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Med 2 - Week 49 > Potassium Disorders > Flashcards

Flashcards in Potassium Disorders Deck (49)
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Where is 60-65% of the filtered Na, CL, and H2O reabsorbed in the nephron?

in the proximal convoluted tubule


Where is the remainder 25-35% of NaCl reabsorbed besides in the PCT?

in the ascending loop of henle


What is the role of principle cells

Reabsorb Na+ and Cl- (remaining 5%) and secrete K+ under the control of aldosterone


What is the role of the intercalated cells?

Secrete H+, reabsorb H+, and in the case of metabolic alkalosis, secrete HCO3-


Antidiuretic hormone stimulates...

reabsorption of water in the collecting duct


Where is almost all the filtered glucose and amino acids reabsorbed in the nephron?

in the PCT


What is secreted in the PCT?

urea, uric acid, creatinine, and some drugs


What is the TOTAL list of things that are reabsorbed in the PCT from the filtrate? (10+ things)

- glucose,
- amino acids
- protein
- lactate
- vitamins
- urea
- uric acid
- K+
- Na+
- Cl-
- H2O
- HCO3-
- PO4-
- Mg++
- Ca++


Where are H+ and NH3+ secreted in the nephron?

in the PCT and the collecting duct


What is the normal serum potassium level?

2.5-5 mEg/L


Potassium is the most abundant _____ cation?



Why can both hypo and hyperkalemia cause muscle paralysis and cardiac arrhythmia?

because the balance of high ICF and low ECF is required for normal membrane potential


What is the average daily intake of K+ and how much is excreted?

50-150 mEq, allof which needs to be excreted
- 90% excreted in the urine and 10% in stool


Since renal excretion of K+ takes hours to adjust in situations of changing K+ levels, how does the body respond rapidly to dangerous levels of K+?

through the Na/K/ATPase which is present on all cells and can buffer small changes in ECF levels of K+


What two factors stimulate K+ uptake into cells following ingestion?

Insulin and ß-adrenergic catecholamines


What % of potassium is in the ECF? in the urine?

1-2% both in the ECF and urine given that it is freely excreted


Which process, secretion or reabsorption, controls excretion of K+?

- despite K+ levels, most of the filtered K+ is reabsorbed in the PCT and ALH
- principal cells in the CT control excretion


~65-75% of filtered K+ is reabsorbed in the.... by...

PCT by paracellular diffusion driven by high intratubular concentration gradients caused by H2O reabsorption following Na+
- basically solvent drag


How is K+ reabsorbed in the ascending loop of henle? (15-25%)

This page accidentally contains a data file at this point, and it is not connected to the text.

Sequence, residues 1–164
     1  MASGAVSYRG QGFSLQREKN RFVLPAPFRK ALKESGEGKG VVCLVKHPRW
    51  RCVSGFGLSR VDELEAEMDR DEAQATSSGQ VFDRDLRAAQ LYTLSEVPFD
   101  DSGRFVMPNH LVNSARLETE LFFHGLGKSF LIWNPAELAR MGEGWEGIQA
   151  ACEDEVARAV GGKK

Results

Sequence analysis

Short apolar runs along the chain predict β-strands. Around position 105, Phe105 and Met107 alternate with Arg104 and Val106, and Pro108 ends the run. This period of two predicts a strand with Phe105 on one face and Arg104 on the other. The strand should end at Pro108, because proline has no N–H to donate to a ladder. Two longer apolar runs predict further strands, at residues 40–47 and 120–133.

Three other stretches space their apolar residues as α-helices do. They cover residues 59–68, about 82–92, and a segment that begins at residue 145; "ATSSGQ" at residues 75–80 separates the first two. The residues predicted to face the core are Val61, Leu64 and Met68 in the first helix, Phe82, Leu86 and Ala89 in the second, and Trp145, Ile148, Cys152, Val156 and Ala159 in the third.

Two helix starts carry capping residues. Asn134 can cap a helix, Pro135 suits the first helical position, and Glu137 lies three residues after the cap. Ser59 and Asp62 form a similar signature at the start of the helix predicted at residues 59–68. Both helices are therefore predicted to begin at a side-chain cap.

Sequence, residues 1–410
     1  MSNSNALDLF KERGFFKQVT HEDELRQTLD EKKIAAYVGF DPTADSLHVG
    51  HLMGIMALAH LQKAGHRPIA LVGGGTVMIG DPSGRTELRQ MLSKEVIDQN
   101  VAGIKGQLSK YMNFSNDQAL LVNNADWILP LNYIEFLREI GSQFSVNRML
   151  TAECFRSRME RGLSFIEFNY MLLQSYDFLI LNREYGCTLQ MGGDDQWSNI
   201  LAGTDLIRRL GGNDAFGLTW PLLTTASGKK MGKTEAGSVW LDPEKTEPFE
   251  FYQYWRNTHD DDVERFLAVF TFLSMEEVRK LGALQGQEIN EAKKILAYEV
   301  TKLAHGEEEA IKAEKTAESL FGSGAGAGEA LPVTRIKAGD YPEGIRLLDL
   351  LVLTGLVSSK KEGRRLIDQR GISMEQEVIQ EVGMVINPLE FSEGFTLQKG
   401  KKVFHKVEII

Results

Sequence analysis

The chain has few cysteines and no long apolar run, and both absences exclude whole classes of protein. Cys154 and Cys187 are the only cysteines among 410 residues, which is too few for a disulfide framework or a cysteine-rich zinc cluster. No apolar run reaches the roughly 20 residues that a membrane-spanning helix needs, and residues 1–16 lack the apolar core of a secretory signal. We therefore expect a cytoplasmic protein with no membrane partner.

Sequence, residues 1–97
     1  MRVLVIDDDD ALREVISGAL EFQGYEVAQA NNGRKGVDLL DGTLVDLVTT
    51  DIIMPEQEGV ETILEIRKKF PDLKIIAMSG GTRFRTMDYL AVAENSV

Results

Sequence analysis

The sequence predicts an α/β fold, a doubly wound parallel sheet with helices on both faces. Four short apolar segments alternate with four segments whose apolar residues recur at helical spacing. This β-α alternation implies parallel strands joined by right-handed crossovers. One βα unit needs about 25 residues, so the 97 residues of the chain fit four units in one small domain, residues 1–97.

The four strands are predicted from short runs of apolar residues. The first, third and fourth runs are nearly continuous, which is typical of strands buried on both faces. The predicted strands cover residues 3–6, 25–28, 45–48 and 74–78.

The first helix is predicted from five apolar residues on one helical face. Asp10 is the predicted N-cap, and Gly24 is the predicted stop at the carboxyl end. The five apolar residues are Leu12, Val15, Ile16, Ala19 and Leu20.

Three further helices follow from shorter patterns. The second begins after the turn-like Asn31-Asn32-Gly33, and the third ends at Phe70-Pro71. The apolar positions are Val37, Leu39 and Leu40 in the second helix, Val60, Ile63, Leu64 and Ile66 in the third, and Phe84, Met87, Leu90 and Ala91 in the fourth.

In the NaK2Cl co-transporter


What are the 4 main factors that impact K+ secretion?

- aldosterone
- tubular flow rate
- luminal delivery of Na
- acid/base status


Where is the main site of K+ secretion?

In the cortical collecting duct


How does aldosterone impact K+ secretion?

High K and hypovolemia trigger aldosterone secretion from the adrenal glands

This causes an increase in Na reabsorption and K secretion by acting on the principal cells:
- increasing rate of Na/K/ATPase
- increasing the # and activity of ENaC channels on the luminal membrane
- stimulates ROMK K+ channels on the luminal membrane


How does tubular flow rate impact K+ secretion?

High urinary flow rate past functionally decreases the luminal [K+] in the distal tubule and therefore increases the ECF/ICF concentration gradient and facilitates excretion from the principal cells


How does the [Na+] in the distal tubule?

the more Na that reaches the DCT, the more that an be reabsorbed by the principal cells and exchanged for K


How does acid/base status impact K+ excretion?

in the case of metabolic alkalosis where there is low [H+], more H+ will be reabsorbed and exchanged for K+ at the basolateral side of the principal cell

In the case of acidosis, there will be increased H+ secretion and K+ reabsorption at the H/K ATPase on the intercalated cells


What is the serum potassium level considered to be hyperkalemic?


>6mEq/L is potentially dangerous

>6.5 mEq/L + symtoms is an emergency


what are the typical clinical manifestations of hyperkalemia?

weakness, nausea, paresthesias, palpitations, arrhythmias


What are the typical ECG findings associated with hyperkalemia?

- peaked T waves
- prolonged PR interval
- widened QRS
- loss of P wave
- sinewave pattern


Hyperkalemia is most often due to which causative process?

impaired renal autoregulation in the context of AKI (and CKD?)


What is pseudohyperkalemia?

- hemolysis of the sample
- tourniquet on too long or muscle contraction